Can you be a Doula and *live* off of the income? Please share your experiences (good or bad. . . - Mothering Forums

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#1 of 20 Old 02-07-2011, 11:11 AM - Thread Starter
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First of all I love birth and babies and love giving birth and having babies of my own!  I've sort of always thought of having a career in the birth place, but never got serious about it!  I just had an AMAZING AMAZING AMAZING homebirth with the most AMAZING midwife (Heya Erika Urban--- I know you post here sometimes!!!) (if anyone wants a rec from using her--- please convo me, she's was awesome!) okay my homebirth besides, I feel compelled to go into the doula field. My husband is considering becoming a stay at home daddy, and we thought it may be nice for me to start something and make enough money to support us all.  Now let's be clear each family has their level of income needs and ours aren't very much.  We figured that when we move and downsize we could very well live off of between 30-40k a year.  My hubby may also take on a small flexible part-time job and I also have an etsy store and blog I'd like to get more serious about.  Between those things I'm wondering what your experince is making a living off of being a doula.  I'd also like to mention that I'd also take on low/no income clients for a reduced fee/free as well---- I do ALSO just like births too ya know!!!!!!!!!!!!!!!  Anyhow could you all share your experinces with this curious mama/???




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#2 of 20 Old 02-07-2011, 01:40 PM
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oooooooh I can't wait to see what people say! 

 Doula mom to Leo [7.11.10] and fiance to Jakefamilybed1.gif

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#3 of 20 Old 02-07-2011, 02:52 PM
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I have yet to meet someone who is a doula and lives off of that as a real income. At $500/birth, one would have to attend forty births in a year to bring in $20,000. And that's not personal income, it's a business income.  


You still have to account for gas driving to and from prenatal visits, paying for parking at the hospital, books that you buy, classes you take, paying for advertising, business cards, certification fees, organization memberships, childcare, flyers, etc.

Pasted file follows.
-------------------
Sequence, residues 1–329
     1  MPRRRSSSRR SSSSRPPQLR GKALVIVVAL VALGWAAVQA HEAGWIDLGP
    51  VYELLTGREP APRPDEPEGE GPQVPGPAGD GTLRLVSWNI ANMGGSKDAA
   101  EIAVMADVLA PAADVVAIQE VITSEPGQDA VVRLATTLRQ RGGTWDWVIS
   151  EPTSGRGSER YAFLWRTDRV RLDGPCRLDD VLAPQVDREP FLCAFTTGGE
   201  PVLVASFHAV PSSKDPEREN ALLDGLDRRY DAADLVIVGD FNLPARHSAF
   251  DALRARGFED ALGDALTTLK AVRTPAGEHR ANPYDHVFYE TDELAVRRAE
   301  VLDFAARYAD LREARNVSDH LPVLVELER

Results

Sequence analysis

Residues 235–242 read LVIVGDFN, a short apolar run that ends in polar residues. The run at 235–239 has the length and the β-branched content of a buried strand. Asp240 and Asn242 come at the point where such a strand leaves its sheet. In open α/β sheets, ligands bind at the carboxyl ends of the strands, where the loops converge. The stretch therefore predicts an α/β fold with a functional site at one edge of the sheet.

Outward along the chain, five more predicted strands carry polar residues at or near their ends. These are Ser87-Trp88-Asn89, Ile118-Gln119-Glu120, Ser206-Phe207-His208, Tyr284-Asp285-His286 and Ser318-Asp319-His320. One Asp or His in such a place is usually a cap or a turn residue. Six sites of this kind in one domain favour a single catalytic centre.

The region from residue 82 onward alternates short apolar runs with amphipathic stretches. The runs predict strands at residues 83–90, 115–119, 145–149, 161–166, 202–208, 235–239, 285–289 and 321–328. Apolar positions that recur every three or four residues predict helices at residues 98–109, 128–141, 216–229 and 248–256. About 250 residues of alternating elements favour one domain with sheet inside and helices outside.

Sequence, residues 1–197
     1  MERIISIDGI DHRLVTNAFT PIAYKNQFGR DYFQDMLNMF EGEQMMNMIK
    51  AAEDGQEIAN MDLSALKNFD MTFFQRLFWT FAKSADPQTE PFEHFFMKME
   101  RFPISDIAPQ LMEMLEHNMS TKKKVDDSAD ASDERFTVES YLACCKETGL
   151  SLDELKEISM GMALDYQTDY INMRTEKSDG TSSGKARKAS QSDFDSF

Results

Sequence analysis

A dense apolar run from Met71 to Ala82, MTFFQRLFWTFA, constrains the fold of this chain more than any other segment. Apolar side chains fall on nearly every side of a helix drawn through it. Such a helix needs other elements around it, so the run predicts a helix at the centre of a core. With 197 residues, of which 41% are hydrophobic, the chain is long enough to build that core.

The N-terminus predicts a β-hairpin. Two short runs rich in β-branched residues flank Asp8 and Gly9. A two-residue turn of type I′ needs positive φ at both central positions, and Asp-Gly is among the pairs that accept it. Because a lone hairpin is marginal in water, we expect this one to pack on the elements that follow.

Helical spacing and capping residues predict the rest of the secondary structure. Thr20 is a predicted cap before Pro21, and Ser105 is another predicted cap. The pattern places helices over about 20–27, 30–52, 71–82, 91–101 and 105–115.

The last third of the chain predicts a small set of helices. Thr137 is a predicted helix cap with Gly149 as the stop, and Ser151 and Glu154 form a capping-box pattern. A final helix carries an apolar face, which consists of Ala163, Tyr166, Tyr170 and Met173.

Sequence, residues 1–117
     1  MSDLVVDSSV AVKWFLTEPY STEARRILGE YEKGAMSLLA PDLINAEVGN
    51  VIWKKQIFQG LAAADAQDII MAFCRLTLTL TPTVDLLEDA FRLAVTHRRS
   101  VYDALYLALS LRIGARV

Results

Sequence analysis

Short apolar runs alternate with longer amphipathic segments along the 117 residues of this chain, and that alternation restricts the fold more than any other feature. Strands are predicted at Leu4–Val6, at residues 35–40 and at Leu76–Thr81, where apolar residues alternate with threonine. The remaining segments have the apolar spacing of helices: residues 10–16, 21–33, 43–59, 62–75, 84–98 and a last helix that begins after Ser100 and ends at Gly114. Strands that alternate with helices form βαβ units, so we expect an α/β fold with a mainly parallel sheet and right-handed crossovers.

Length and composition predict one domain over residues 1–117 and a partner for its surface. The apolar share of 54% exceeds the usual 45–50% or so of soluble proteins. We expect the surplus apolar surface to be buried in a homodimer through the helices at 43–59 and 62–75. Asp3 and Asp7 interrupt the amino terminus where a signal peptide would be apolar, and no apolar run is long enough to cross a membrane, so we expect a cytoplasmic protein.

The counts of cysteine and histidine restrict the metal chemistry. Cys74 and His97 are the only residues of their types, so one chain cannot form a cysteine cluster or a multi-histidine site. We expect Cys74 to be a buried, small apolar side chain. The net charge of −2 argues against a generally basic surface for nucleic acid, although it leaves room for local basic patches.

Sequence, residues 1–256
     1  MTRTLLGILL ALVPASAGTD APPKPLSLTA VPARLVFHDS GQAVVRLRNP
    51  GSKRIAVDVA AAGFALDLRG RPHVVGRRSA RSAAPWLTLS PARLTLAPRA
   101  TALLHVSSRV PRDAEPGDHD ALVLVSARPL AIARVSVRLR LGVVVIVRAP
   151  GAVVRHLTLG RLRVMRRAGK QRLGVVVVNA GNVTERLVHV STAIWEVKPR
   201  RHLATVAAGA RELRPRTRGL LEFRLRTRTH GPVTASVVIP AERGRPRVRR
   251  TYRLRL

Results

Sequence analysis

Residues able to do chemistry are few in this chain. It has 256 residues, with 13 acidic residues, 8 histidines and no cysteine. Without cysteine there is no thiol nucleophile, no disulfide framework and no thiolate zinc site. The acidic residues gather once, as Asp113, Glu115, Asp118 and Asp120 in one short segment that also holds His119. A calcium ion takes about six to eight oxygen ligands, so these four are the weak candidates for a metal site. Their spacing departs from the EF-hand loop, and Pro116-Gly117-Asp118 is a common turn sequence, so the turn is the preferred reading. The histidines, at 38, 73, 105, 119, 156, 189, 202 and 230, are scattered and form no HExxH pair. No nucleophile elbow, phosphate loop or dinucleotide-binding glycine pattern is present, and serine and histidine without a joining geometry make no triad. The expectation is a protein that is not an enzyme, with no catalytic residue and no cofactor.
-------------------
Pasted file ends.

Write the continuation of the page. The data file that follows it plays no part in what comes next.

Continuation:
Just a rough guess, but if one charged $500/birth, I would think that you could only count half of it as income. So to make $20,000, you would have to attend 80 births, do 160-240 prenatal visits and 80 postpartum visits. (Granted, this is all theoretical)  


Another way to make money and be doing birth-related work is to teach childbirth classes, which could possibly have a better return on investment. I'm in the process of getting certified but haven't broken it down financially.


It could be fun for the doulas here to have a "What's the most you've made in a year?" thread.

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#4 of 20 Old 02-07-2011, 04:46 PM
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I wouldn't be able to. I do know a woman who does though. All her kids are grown and it's just her she has to be responsible for, so her living is less than that of parents with kids at home. I forget how much she charges, but I believe it's $1,000. That includes Doula work, childbirth education and placental encapsulation. She does about 5 + births a month.

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#5 of 20 Old 02-07-2011, 08:12 PM
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I'm not a doula, an IBCLC, but I have numerous doula friends. It is their 2nd or even 3rd jobs, or there are some that are only doulas but they don't make enough to support their families by any means rather just some extra cash. 

There is no way to happiness, happiness is the way.
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#6 of 20 Old 02-07-2011, 10:59 PM